A leading source for news and analysis about Mexico and the U.S.-Mexican border.
Only one U.S. governor, New Mexico Gov. Susana Martinez, attended the border governors' conference in Ensenada. Arizona Gov. Jan Brewer, who had said she would come, backed out at the last minute, citing scheduling problems.
The New York Times tries to explain the lack on interest on the part of U.S. statehouse occupants.
San Diego Union-Tribune: Border Conference Suffers from Low Turnout
A man who was hit by four bullets while driving a Volkswagen Jetta near the Red Cross hospital in Tijuana and drove himself to the hospital for treatment of his wounds Sept. 22 has been taken into custody by authorities for illegal possession of weapons found in the vehicle, Frontera reported. Pablo Eduardo Ramírez Salinas is a former Tijuana policeman linked to drug traffickers, officials told the paper. authorities found an a Uzi, two other guns and bullets in his car, Frontera said. His vehicle had about 40 bullet holes, the paper said.
Story, Frontera (PDF).
Two former state officials and one former city of Hermosillo official were ordered bound over for trial in the 2009 fire that killed 49 children at a day-care center. Fausto Salazar Gómez, the former director of collections for the state finance ministry; Jorge Luis Melchor Isla, the former director of the state's vehicle agency; and Jesús Davis Osuna, former director of Hermosillo's department of inspection, had been detained last week. Salazar Gómez posted bail of 2.5 million pesos that allowed him to leave state prison No. 1 in Hermosillo on Thursday.
On June 5, 2009, fire broken out in a finance ministry warehouse sharing the same building with the ABC day-care center funded by the federal Mexican Social Security Institute (IMSS) but operated privately. The center had passed safety inspections, even though there were numerous anomalies. The fire started in an air-conditioning unit in the warehouse; there was no sprinkler system.
Others who have been detained are the former regional head of the IMMS, Arturo Leyva Lizárraga, and the former IMSS coordinators responsible for overseeing day-care centers, Yadira Barreda and Noemí López Sánchez.
A man who had withdrawn cash from an automatic teller machine in Tijuana and then boarded a bus was shot and killed by two men who followed him onto the bus, Frontera reported. The bus driver on the Verde y Crema line, who did not want to give his name, said all three boarded the bus near the IMSS Clinic No. 7 on Boulevard Díaz Ordaz. The killing took place after Díaz Ordaz bisected into Bulevar Salinas and Bulevar Caliente, near the Rodeo restaurant on Bulevar Salinas north of the country club. After the man who had withdrawn the money and the other two men struggled, and while other passengers looked on with fear, one of the robbers' gun went off. The two robbers took the man's bag and escaped; the man who had withdrawn the money died at the Hospital General de Tijuana. He was identified as Jorge Luis López, 56. Story, Frontera (PDF).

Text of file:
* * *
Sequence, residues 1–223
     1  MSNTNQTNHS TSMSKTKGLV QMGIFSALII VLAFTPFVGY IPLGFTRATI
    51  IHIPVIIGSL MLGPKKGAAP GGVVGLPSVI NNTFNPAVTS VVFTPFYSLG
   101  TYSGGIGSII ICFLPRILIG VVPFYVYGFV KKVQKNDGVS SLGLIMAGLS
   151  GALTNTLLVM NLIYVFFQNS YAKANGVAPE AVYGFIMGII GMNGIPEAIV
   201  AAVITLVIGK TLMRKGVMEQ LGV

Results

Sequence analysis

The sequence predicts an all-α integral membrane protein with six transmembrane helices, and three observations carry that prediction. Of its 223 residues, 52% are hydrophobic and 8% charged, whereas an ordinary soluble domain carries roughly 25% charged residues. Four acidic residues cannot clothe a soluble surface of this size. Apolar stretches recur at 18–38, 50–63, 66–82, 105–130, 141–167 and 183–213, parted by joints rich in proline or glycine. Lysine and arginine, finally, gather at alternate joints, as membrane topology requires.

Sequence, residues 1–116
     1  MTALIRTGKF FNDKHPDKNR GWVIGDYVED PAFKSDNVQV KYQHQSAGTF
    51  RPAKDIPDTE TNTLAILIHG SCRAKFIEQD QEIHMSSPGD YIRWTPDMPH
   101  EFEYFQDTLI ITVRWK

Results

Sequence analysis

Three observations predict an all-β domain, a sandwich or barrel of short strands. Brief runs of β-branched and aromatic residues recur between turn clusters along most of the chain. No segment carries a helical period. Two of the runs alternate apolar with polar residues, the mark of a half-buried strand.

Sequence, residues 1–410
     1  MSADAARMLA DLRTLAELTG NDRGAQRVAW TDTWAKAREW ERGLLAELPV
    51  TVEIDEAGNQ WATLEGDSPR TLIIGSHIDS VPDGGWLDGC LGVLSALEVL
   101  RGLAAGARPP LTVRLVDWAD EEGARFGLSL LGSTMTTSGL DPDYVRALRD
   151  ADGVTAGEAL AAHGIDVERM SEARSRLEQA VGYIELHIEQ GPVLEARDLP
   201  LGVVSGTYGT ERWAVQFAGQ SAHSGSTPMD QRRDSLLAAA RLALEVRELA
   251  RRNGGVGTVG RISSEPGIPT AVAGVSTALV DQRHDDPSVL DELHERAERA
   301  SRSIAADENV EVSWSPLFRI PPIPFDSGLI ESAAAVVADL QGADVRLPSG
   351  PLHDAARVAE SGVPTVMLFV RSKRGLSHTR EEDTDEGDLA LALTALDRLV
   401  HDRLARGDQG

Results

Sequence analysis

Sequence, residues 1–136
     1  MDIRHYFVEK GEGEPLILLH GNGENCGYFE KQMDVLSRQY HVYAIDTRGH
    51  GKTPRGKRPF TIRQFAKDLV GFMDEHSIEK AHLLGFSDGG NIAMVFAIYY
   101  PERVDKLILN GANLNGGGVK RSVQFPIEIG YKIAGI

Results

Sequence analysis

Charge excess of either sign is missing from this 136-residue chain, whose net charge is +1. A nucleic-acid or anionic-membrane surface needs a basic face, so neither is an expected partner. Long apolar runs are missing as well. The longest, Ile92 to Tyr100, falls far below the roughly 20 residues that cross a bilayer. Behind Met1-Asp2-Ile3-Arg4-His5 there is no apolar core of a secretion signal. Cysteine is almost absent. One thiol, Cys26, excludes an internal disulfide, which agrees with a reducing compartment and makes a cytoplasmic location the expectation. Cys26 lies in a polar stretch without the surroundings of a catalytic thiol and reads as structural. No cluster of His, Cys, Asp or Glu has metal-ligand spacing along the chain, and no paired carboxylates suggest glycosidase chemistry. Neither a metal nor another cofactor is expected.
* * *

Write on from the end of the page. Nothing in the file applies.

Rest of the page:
<<<Read more>>> (including excerpts from, link to, speech)
Baja California's constitutional change protecting life from conception remains in effect as the nation's Supreme Court fell one vote short of invalidating it. Seven of the 11 justices said Article 7 of the state constitution violated women's rights, but eight votes were needed to invalidate. The court was considering the matter because the state ombudsman brought it. The four who voted not to invalidate were Jorge Pardo Rebolledo, who joined the court in February; Salvador Aguirre and Guillermo Ortiz, who leave the court in November 2012; and Margarita Luna.
Story in Frontera (pdf file)
Eduardo Ruiz-Healy column (PDF): "Mexican women lost yesterday"
Federal legislator Miguel Osuna Millán of Tijuana likes non-ruling (Frontera PDF file)
Ruth Zabaleta column in Excelsior
President Felipe Calderón's wife had been making statements this week opposing an invalidation.
Update, Sept. 30: Court divides along same lines in not invalidating San Luis Potosí constitutional amendment protecting life from conception.Story in Frontera (PDF).
Pope's intervention cited: Mexicali bishop Jose Isidro Guerrero causes uproar by saying a call from the pope won the day in the court case; the court, the government and other church officials say bishop's statement was inaccurate.
Story in Frontera (PDF).
Catón writes a poem about the pope's alleged phone call (PDF).
Mayor Carlos Bustamante said he has obtained 50 million pesos from the federal government to line the Arroyo Pastejé with concrete. The city's representative in the Otay Mesa section of Tijuana, José Osuna Camacho, said residents have wanted something to be done about the waterway for years, as it floods their homes during the rainy season. He said the Arroyo Pastejé starts in the United States, goes through the Tijuana airport property, the Lomas Taurinas neighborhood and then through the lower part of Colonia Libertad. Story, Frontera (PDF) Story, Frontera (web page).